Friendships and getting older
When we ask Chandrika Desai how she stays connected to people, she has a hearty laugh. “It’s my personality,” she says. Desai is a jovial 74-year-old who epitomises how important social engagement could be. But like she tells us, passively becoming part of a group is not the only way to do it. You need to be active at your end, too. Every morning, Desai sits with a list. She has a large network of family and friends, and each morning she calls different people. “I make an effort to reach out,” says Desai who lives on her own, leads her own life but is deeply connected to her two children who live overseas.
While pursuing a PhD in Health and Social Psychology. Holt-Lunstad tried to find the answer to the question, do social relationships reduce our risk of dying early? Her study published in July 2010 showed that people with strong social relationships are 50 per cent less likely to die prematurely than people with weak social relationships. The impact of poor social connection on reducing lifespan is equal to the risk of smoking 15 cigarettes a day, and a risk that’s greater than the risk of obesity, excess alcohol, and lack of exercise.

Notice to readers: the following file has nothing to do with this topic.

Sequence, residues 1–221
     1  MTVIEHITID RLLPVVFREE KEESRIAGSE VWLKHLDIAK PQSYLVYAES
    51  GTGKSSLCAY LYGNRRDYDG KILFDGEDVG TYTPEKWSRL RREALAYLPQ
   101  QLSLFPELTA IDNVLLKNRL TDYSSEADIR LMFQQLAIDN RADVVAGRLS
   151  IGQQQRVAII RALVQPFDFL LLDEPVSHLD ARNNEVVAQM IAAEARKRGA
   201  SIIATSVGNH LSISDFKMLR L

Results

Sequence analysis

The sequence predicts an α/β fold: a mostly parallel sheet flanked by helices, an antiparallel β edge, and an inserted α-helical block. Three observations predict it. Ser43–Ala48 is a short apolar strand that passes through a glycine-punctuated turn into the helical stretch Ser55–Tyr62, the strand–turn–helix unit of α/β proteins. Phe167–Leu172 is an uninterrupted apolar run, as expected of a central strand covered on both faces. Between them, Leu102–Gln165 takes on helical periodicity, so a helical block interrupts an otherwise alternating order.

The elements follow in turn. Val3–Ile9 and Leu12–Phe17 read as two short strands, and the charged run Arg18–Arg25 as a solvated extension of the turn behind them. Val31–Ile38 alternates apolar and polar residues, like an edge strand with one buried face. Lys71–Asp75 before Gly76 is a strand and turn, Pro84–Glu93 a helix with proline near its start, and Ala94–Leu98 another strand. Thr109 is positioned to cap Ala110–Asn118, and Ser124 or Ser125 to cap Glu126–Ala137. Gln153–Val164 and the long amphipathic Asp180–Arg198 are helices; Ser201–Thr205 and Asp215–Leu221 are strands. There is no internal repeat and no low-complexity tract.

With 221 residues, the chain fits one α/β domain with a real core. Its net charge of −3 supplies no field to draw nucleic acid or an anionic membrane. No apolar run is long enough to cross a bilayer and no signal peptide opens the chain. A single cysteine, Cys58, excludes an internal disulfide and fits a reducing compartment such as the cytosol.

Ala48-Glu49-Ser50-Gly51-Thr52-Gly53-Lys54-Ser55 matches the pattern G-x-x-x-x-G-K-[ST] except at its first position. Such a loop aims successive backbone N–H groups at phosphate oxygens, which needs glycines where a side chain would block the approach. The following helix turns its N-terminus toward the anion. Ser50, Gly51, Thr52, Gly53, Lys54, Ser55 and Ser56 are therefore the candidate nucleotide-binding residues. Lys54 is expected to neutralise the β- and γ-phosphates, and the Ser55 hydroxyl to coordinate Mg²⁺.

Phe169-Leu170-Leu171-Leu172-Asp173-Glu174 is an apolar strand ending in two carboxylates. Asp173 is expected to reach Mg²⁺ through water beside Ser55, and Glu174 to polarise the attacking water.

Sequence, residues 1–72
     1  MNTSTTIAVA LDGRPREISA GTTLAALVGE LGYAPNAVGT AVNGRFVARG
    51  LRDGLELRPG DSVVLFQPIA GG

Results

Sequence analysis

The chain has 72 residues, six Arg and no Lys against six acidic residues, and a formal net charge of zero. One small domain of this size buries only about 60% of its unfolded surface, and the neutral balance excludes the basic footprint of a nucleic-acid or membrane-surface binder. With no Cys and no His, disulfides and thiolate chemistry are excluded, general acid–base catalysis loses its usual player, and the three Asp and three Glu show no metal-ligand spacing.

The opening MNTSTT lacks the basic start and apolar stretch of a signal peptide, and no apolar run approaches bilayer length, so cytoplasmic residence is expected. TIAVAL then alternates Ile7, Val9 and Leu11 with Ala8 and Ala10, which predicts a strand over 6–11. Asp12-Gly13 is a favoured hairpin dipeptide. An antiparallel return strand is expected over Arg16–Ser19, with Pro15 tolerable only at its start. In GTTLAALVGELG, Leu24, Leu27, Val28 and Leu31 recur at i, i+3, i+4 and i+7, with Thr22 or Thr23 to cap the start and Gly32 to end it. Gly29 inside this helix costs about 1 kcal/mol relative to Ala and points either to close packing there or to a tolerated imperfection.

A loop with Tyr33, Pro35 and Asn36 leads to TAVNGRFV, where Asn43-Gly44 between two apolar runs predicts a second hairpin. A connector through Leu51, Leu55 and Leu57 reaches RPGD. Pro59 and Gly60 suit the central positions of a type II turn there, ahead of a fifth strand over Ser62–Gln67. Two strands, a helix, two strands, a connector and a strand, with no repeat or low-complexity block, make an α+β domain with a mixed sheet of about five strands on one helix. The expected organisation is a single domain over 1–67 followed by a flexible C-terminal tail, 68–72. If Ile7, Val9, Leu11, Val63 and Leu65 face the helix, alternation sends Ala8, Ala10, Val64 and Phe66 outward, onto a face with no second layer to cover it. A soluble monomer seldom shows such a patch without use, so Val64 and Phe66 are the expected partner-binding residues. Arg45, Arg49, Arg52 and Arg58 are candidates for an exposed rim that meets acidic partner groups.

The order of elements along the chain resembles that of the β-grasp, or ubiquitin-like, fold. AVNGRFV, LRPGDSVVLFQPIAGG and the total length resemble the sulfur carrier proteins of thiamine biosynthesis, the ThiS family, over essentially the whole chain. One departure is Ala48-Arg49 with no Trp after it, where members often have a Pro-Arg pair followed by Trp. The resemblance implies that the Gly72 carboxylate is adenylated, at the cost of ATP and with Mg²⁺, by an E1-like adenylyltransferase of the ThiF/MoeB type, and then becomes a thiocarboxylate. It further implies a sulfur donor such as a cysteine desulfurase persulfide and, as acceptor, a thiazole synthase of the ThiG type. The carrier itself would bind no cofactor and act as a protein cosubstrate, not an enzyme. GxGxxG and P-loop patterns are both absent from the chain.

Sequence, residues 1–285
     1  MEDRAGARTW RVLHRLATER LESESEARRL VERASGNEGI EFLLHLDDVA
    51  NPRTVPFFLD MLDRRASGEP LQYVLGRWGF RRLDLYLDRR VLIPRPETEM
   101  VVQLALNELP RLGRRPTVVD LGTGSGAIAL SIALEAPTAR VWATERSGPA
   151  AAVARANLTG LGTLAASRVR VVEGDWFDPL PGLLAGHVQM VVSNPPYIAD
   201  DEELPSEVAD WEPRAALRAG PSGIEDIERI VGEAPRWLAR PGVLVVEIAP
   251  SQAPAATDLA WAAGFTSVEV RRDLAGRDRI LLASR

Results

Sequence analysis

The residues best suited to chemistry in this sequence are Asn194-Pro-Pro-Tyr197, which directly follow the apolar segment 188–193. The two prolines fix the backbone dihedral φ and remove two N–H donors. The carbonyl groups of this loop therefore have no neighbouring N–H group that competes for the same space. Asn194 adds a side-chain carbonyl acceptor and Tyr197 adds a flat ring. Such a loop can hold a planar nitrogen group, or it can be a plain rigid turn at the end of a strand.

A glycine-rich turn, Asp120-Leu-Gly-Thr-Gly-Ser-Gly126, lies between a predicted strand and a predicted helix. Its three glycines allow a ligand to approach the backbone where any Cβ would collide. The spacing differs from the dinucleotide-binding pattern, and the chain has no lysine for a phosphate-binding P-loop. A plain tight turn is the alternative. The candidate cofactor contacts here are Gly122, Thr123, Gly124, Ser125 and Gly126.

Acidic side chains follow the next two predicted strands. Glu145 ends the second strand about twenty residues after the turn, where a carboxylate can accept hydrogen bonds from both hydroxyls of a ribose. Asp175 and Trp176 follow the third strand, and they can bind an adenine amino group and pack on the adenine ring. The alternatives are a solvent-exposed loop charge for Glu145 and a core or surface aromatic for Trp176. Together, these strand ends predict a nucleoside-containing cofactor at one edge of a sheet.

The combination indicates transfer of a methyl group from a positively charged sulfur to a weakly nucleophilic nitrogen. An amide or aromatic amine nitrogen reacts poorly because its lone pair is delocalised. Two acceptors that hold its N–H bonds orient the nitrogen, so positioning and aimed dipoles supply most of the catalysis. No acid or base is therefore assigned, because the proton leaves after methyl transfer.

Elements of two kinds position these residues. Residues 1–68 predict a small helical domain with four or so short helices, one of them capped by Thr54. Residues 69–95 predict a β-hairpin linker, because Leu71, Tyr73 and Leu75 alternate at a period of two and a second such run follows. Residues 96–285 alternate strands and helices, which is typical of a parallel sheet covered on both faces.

My mother, 66, is a great example. Despite being an introverted person, she has found a way to redeem her retirement days. She has a small social circle outside of family. She tends to these deep and lasting friendships. At 3 am each morning, she connects with her friends for Bible study and prayer through Facebook Messenger. She finds time to visit friends, funerals, and parties; attends Bible study in church on Friday afternoons; and do short walks, usually to Auntie Badid's property. Auntie Badid had a stroke last year.
These days, I've been thinking about how I'll be spending my days when I get older.